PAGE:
How to Make Liquid Calcium Chloride

Salt melts ice by lowering the freezing point of water.
••• salt 6 image by zina from

Several manufacturers market “Liquid Calcium Chloride” as a deicing pretreatment. Pretreating ice with a solution of calcium chloride before applying rock salt enhances the performance of the salt by allowing the salt crystals to penetrate into the ice. Calcium chloride also allows deicing in lower temperatures than rock salt alone. According to two manufacturers’ material safety data sheets, liquid calcium chloride contains 20 to 45 percent calcium chloride by weight in water. Taking the middle of this range, 33 percent, as a “target” composition, this means that 100 mL of the solution contains about 33 g calcium chloride, or the calcium chloride concentration is 0.33 g/mL. Converting these units to more conventional English measurements, this translates to about 1200 g per gallon, 42 oz. per gallon or 2.6 lbs. per gallon.

    Measure 42 oz. of anhydrous calcium chloride pellets into a plastic bowl and transfer the pellets to an empty 1-gallon jug using a funnel. If necessary, the pellets can be weighed in two or more portions and added separately. Be certain to allow for the weight of the empty bowl. Thus, if the empty bowl weighs 3 oz., then add the calcium chloride pellets until the balance reads 42 + 3 = 45 oz.

    Fill the plastic container approximately half full with tap water being careful not to spill or splash the contents. Swirl the container in a circular motion until the calcium chloride pellets have dissolved completely. This may require several minutes of swirling.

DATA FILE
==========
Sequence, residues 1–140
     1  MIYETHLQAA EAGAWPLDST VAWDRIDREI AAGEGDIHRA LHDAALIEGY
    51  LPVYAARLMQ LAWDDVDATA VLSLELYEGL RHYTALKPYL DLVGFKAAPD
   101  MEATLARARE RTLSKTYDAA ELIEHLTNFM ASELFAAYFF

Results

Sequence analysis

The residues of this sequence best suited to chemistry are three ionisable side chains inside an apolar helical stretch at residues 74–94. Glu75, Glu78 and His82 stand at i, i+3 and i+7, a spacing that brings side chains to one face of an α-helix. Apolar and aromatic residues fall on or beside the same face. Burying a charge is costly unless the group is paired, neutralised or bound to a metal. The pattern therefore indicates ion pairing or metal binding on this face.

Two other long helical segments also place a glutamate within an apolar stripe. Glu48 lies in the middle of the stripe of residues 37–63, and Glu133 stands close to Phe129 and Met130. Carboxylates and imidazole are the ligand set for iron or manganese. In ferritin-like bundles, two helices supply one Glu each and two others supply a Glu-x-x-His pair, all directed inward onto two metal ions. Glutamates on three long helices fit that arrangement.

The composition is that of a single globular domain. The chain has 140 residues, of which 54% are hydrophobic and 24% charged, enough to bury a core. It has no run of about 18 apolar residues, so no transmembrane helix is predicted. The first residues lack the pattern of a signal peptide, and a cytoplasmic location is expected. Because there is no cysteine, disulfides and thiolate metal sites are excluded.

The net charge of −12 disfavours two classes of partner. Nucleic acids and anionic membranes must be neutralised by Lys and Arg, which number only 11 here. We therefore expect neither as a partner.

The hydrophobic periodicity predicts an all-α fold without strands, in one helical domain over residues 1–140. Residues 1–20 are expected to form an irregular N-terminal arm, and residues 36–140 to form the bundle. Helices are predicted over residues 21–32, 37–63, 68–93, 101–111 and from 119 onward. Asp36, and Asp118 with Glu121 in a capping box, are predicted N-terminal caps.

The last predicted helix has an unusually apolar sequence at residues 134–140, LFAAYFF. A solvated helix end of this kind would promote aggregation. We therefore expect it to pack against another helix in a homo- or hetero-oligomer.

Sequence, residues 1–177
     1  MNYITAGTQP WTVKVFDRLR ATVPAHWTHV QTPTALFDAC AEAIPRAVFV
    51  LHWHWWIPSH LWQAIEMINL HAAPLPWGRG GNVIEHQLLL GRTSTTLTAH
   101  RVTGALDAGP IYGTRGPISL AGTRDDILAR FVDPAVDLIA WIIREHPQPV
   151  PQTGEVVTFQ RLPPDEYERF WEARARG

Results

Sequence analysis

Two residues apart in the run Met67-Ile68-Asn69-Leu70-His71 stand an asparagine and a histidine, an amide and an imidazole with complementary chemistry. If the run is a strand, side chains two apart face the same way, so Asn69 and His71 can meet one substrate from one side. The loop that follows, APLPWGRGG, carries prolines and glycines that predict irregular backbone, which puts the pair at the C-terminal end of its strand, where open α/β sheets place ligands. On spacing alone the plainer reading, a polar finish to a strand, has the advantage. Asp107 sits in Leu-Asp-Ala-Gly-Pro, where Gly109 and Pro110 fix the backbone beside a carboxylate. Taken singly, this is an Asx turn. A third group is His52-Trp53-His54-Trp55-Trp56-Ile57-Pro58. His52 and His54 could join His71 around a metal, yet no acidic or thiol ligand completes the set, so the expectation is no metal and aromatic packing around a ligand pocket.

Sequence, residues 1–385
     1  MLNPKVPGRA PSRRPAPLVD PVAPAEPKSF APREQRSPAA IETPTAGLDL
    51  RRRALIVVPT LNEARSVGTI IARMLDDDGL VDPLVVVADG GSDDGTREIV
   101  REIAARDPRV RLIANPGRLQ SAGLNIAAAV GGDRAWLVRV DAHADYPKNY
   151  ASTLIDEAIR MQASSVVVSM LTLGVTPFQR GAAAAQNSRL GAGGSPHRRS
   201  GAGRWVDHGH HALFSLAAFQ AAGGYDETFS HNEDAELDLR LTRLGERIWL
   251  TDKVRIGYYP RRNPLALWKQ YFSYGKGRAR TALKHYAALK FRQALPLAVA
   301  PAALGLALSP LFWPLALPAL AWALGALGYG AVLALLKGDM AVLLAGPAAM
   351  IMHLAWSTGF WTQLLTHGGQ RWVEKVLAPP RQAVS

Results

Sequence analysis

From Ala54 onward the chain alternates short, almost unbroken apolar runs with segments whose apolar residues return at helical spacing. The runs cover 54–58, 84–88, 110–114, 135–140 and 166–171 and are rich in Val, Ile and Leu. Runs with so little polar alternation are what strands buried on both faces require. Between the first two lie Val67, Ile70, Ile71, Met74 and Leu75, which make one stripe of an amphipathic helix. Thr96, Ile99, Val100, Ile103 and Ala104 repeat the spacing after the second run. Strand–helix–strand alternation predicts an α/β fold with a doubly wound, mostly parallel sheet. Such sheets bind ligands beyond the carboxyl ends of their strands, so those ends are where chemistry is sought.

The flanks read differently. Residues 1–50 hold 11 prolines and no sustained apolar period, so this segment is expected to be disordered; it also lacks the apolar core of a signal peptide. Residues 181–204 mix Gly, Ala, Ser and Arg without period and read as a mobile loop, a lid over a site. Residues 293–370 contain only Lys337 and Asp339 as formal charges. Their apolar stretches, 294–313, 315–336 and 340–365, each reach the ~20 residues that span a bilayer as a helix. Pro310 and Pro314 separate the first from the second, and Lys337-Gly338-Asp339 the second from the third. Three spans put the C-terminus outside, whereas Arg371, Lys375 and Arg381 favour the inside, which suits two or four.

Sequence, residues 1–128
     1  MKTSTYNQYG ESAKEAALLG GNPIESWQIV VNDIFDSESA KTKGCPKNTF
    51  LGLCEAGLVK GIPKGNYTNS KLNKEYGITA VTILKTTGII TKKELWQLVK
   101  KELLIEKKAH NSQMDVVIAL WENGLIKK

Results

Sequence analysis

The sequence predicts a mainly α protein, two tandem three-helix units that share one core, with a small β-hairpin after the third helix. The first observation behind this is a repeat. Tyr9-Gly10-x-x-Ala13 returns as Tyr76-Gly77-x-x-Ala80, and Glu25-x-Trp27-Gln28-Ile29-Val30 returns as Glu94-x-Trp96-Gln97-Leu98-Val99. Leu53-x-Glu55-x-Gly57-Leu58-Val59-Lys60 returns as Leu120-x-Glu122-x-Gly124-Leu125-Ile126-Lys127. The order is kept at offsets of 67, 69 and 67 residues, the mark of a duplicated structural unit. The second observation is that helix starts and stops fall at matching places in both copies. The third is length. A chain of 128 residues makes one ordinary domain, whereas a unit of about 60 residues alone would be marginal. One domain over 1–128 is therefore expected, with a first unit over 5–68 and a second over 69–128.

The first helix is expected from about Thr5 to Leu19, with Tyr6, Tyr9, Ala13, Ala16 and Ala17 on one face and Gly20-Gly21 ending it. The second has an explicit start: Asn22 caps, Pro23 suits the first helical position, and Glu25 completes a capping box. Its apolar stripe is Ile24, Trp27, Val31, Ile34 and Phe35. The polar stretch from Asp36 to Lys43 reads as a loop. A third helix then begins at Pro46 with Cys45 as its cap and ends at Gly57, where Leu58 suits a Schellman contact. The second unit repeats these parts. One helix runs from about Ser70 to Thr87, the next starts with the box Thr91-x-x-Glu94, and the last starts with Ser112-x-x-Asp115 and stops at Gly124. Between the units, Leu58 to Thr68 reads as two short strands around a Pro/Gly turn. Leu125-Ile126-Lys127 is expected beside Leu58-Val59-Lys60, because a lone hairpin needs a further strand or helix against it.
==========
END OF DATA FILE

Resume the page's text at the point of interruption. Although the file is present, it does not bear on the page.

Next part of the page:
Fill the gallon container to its full 1-gallon capacity, cap tightly and, while holding one hand over the cap, invert the jug three times to mix the contents.

    Label clearly the outside of the jug with indelible marker to avoid poisoning accidents.

    Things You'll Need

    • 3 lbs. anhydrous calcium chloride pellets
    • 1 plastic gallon container (empty)
    • Scale or balance capable of measuring to 1 oz.
    • Funnel
    • Safety glasses
    • Rubber gloves


    • The use of protective eyewear and rubber gloves is strongly recommended.

      If the plastic container shows a previously existing label, the preferred safe storage method is to spray paint over the label or soak the label in water until it is removed completely. This step is especially recommended if the container was previously used for food storage.

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